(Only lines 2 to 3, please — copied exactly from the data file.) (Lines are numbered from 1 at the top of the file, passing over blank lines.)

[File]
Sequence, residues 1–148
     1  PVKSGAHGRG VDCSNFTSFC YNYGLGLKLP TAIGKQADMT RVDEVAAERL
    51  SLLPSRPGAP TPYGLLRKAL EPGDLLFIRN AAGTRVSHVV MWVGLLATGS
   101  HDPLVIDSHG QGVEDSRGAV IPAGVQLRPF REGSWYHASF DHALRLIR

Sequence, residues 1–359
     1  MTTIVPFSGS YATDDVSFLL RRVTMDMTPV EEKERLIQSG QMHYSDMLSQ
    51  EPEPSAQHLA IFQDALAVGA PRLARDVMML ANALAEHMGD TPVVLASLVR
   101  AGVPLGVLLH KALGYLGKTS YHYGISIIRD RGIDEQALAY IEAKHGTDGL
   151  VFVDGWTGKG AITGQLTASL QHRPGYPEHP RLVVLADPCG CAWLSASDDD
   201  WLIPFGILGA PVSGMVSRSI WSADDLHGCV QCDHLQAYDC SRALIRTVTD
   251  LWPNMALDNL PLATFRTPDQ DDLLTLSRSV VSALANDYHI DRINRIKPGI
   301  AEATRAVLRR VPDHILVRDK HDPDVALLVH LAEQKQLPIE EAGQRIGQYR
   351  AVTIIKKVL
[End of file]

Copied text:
     1  PVKSGAHGRG VDCSNFTSFC YNYGLGLKLP TAIGKQADMT RVDEVAAERL
    51  SLLPSRPGAP TPYGLLRKAL EPGDLLFIRN AAGTRVSHVV MWVGLLATGS